What we see right now is that the platform is way more succesful then we initially thought, so that is a good sign.

Lisa:
So are you the first company that actually does something like this?

Vincentas:
Well, yes. I mean there are a lot of IP brokers. I mean, the internet community is not so big, we know each other. If you meet some guy in a conference you surely met him at some other event before. The internet community, it’s a very interesting fact, that the internet is so big and so huge, but actually the guys who are committed to developing the internet is just a very small group of guys.


So again, coming back to your question, there are a lot of IP brokers out there, but the solution that we are bringing to a market is completely unique. And we just thought that doing a plain IP-lease and giving the IP addresses to businesses is not what we actually want. We want to go a deeper, and we want to be more advanced, much more advanced. And connect with technologies that are available right now. Talking about the actual IP management, talking about registry maintaining or even a BGP session monitoring and management, that’s the key things that we are focusing on. And we want to bring much more of a value than just plain IP-lease.

Lisa:
Yeah, exactly.

Vincentas:
Because you know again, our aim here is to introduce and educate enterprises to think about IP-lease as a market style

Our aim here is to introduce and educate enterprises to think about IP-lease as a market style

Lisa:
You mentioned you wanted to make the internet more sustainable and of course treating IP addresses like this is already a start.

Do you think IPv4 is here to stay for a little bit longer? Of course, you now have IPv6 that is available as well. Do you think those two will coexist or do you think IP four will slowly disappear?

Vincentas
So let’s analyze some data. Back in 1999, IPv6 was introduced because some guys already thought maybe IPv4 is not going to be enough. Even if we would rewind the time even further IPv4 was the thing where everyone thought it was going to be more than enough.
But now we have more people than IP addresses.
So it’s definitely not going to be enough. However, now in 2020 we have actually only 25% of the IPv6 addresses have access to the internet. So it’s still a long way to go.


Seeing the analysis of how the actual IPv6 was adopted during the time, we can see that the biggest jump was when the hyperscalers adopted IPv6. Predicting based on the data that we have gathered so far, I think that we still need two decades to actually get IPv6 fully accessible over the internet. Talking about the future of IPv4, I think that it’s not going to go anywhere. It’s still going to be available and right now what we see is that it’s going to become a dual stack, so IPv4 and IPv6 are being used both.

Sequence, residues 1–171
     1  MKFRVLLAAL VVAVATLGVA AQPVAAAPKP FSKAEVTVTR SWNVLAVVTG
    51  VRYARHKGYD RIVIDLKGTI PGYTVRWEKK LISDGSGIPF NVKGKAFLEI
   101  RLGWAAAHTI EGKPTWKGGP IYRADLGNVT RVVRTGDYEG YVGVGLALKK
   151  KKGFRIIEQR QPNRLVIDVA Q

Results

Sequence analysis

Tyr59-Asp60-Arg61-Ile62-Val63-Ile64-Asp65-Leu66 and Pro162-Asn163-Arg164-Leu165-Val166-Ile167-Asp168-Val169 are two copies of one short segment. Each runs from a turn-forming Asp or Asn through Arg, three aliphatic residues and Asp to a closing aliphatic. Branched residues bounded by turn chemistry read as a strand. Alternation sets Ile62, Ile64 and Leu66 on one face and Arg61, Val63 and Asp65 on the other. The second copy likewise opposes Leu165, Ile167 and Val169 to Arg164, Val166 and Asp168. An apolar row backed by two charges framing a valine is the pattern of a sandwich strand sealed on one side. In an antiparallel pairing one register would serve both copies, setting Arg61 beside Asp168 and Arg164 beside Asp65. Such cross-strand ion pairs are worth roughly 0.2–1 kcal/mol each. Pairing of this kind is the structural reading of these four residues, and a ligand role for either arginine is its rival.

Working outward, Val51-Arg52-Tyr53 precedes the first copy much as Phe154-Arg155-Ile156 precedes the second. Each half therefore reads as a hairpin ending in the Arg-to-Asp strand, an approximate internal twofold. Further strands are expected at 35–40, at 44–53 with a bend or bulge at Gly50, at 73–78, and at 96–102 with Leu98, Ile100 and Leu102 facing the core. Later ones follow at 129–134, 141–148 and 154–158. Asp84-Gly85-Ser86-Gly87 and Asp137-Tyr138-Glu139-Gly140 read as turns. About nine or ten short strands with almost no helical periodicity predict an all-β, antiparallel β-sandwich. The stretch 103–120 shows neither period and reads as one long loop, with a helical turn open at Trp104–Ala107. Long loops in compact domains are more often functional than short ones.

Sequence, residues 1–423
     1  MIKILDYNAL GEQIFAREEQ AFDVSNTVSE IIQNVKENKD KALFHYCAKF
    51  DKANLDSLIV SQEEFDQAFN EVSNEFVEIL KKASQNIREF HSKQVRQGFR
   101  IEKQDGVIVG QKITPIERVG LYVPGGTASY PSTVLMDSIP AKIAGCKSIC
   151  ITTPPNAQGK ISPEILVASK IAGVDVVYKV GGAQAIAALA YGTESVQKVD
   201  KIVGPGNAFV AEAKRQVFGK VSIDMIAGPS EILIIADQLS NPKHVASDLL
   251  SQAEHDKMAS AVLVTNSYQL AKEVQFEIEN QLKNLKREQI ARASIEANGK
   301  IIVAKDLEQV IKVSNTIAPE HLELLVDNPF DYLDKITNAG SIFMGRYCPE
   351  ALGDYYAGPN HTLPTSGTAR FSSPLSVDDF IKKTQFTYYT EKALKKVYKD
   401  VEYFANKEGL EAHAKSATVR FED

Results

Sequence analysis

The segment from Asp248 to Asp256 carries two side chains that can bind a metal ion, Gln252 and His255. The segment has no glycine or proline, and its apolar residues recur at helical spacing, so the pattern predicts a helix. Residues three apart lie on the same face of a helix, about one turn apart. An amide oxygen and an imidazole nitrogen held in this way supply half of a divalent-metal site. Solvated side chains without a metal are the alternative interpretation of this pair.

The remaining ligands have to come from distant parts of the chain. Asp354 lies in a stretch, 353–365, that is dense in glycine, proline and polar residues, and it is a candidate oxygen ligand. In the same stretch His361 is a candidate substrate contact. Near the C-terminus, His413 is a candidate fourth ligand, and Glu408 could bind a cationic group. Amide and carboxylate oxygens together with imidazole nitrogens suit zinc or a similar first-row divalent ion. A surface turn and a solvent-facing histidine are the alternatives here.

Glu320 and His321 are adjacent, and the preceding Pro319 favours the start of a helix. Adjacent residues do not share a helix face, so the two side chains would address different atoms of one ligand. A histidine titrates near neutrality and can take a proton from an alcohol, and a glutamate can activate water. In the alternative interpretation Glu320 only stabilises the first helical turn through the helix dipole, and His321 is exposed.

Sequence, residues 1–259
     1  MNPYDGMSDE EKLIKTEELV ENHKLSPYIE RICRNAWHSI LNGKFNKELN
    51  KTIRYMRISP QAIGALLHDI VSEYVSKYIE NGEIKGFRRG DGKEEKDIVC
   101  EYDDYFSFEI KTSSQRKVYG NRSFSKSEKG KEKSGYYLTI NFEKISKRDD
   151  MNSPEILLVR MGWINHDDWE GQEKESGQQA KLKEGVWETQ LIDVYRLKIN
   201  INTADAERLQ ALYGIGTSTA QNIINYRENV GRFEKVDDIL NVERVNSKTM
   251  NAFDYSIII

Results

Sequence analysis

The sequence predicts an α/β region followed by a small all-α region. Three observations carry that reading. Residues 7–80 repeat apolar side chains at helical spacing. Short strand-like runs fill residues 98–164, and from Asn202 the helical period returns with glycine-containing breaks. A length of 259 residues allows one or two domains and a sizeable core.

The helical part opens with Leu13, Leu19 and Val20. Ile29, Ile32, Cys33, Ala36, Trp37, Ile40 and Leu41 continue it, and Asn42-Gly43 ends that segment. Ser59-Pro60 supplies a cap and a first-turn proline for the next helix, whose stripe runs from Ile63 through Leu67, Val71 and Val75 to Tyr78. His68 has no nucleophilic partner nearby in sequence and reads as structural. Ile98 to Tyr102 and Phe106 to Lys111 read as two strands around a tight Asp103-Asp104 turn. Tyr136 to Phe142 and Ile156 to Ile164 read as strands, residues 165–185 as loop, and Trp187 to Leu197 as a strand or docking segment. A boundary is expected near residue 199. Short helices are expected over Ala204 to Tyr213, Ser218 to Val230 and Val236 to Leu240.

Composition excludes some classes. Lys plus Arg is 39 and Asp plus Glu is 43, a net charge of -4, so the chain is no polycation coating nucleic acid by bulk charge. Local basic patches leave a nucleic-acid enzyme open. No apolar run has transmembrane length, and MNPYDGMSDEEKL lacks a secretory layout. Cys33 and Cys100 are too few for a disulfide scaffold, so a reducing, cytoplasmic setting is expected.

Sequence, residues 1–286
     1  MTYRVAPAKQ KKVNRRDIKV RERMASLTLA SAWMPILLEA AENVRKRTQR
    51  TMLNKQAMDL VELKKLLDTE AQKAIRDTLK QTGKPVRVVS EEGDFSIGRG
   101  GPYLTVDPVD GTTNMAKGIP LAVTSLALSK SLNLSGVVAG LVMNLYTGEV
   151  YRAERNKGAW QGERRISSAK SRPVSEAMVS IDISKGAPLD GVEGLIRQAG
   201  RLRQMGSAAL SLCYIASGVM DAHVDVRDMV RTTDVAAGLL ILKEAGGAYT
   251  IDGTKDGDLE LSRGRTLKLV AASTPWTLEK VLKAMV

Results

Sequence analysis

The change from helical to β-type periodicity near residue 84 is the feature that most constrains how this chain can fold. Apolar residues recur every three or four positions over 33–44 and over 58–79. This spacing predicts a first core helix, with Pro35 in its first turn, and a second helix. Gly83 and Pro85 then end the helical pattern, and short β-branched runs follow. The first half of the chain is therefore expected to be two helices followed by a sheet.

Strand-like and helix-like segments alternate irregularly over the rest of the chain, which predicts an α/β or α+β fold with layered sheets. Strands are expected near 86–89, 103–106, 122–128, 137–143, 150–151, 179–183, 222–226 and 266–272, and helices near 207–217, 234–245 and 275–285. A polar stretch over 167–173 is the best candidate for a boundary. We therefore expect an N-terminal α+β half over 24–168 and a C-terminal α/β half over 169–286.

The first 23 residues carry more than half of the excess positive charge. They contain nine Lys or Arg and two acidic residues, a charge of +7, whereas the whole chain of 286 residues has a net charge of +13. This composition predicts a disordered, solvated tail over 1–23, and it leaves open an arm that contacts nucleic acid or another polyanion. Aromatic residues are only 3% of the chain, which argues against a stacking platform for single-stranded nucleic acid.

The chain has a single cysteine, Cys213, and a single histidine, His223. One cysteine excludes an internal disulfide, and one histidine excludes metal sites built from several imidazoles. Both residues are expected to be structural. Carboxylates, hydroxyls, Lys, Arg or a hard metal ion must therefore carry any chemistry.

Lisa:
Yeah, they will coexist probably. You mentioned something about the data that is interesting, because I remember last time you told me there was not that much data about IP addresses and that you were actually asked to help with a big study from a university in, was it Saarbr├╝cken?

Vincentas:
There is not a lot of data in terms of the actual IP price. We have a basic understanding of what are the rates of IP addressed. I mean we gather data in terms of what the minimum and maximum prices are, what is the medium and stuff like that. And we have been contacted by the Max Planck Institute based in Saarbr├╝cken, who are doing a study on this. And we are actually going to publish it. We want to be one of the first sources that would publish the minimum-maximum prices for each of the segment, down from/24 to, let’s say, /16 and create that market driven price. In our solution we do not influence any price. The actual IP holders enter the pricing themselves.
And this is how we try to create this ecosystem where we have a transparent pricing and the end customer knows exactly what the IP holder wants to charge.

And again, there is not much data in terms of what should be the optimal price for the IPv4. So we’ve been contacted by the Institute in Salzburg and we help them to gather the data and provide them the data of the commercial side of things.